It took only 20 seconds for Clyde Stubblefield to drum his way to immortality. They came near the end of James Brown’s “Funky Drummer,” recorded in a Cincinnati studio in late 1969. Brown counts him in — “1, 2, 3, 4. Hit it!” — and Mr. Stubblefield eases into a cool pattern, part bendy funk and part hard march. It’s calm, slick and precise, and atop it, Brown asks over and over, “Ain’t it funky?”

It was. That brief snippet of percussion excellence became the platonic ideal of a breakbeat, the foundation of hip-hop’s sampling era and a direct through line from the ferocious soul music of the civil rights era to the golden age of history-minded hip-hop of the 1980s and 1990s.

Though Mr. Stubblefield wasn’t enamored of the song — “I didn’t like the song. I still don’t really get off on it,” he told Paste magazine in 2014 — its mark became indelible. Public Enemy’s “Fight the Power,” LL Cool J’s “Mama Said Knock You Out,” Boogie Down Productions’s “South Bronx,” Sinead O’Connor’s “I Am Stretched on Your Grave,” George Michael’s “Freedom! ’90” and Kenny G’s “G-Bop”: Mr. Stubblefield’s “Funky Drummer” break appeared as a sample in all of those songs, and over a thousand more, beginning in the 1980s, right up through present day.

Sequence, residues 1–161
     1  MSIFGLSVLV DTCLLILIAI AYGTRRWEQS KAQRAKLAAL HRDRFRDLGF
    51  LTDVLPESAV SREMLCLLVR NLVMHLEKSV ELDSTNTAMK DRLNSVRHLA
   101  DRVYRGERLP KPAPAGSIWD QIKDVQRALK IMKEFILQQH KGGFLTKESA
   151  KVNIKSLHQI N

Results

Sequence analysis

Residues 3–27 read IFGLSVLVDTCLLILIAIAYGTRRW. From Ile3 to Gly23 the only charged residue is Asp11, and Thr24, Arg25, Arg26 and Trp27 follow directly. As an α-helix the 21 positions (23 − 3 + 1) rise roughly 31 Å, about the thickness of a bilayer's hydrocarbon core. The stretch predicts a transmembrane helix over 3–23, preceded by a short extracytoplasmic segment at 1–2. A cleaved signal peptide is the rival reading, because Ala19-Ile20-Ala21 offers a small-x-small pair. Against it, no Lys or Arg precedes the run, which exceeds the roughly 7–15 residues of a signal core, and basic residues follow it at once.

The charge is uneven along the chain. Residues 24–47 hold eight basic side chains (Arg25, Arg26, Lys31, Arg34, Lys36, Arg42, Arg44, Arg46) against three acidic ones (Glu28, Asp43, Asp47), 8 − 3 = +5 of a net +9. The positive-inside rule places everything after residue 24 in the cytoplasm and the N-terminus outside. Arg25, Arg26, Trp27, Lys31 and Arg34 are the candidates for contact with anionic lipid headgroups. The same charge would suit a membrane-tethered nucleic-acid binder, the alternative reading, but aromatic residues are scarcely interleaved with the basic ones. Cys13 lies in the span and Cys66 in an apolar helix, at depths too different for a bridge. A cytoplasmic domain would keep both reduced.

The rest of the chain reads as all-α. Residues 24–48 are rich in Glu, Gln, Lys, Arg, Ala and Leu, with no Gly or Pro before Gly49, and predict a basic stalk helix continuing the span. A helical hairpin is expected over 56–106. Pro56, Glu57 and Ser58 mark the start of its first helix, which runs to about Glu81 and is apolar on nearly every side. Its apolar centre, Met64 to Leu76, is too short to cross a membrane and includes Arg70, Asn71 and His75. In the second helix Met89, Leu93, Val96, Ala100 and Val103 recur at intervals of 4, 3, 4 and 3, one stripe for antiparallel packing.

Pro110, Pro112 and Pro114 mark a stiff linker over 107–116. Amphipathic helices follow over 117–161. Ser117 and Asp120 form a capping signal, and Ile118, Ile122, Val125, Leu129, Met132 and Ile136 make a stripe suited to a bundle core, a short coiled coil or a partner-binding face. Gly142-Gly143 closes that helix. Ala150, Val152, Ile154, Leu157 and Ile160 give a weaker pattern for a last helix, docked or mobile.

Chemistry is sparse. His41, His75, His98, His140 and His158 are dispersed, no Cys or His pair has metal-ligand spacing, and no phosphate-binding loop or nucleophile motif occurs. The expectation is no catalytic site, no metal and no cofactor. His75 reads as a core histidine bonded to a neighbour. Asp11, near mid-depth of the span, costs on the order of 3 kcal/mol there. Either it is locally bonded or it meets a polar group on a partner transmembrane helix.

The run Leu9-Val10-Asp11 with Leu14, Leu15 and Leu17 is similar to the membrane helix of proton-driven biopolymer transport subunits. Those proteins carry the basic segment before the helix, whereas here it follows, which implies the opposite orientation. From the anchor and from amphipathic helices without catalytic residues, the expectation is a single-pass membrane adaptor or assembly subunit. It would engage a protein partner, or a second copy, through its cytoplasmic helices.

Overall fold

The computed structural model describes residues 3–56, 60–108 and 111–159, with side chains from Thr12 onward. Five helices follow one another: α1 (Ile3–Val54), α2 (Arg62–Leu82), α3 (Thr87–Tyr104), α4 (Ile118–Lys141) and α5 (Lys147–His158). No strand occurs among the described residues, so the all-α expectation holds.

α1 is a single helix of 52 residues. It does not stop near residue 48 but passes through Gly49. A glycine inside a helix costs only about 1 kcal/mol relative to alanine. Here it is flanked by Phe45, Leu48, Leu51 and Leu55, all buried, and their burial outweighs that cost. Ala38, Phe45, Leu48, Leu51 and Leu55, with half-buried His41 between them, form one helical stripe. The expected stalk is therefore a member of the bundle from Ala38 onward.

It’s not a sample here but it is copied as the basic beat of the piece:

I’m rather slow to many technical things

This Spotify is rather good, isn’t it?

Might well, next time I upgrade the computer and sound system, pay for the higher quality though some rather larger speakers.

So, I’m what, 5 years late to this party? That’s actually early for me in matters technical.

And they’ve got JJ Cale albums I’ve never even heard of!

And so farewell Mr. Parfitt

No one’s ever going to say that this was sophisticated music. But there’s probably been more boogieing on down over the years to this band than there has to almost any other.


The desire to boogie on down being on of the things we find in all and every human cultures. Well, OK, Southern Baptists oppose sex because they think dancing might break out.

Not perhaps one of the great artistes of our times but nowt wrong with being an exemplar journeyman, eh?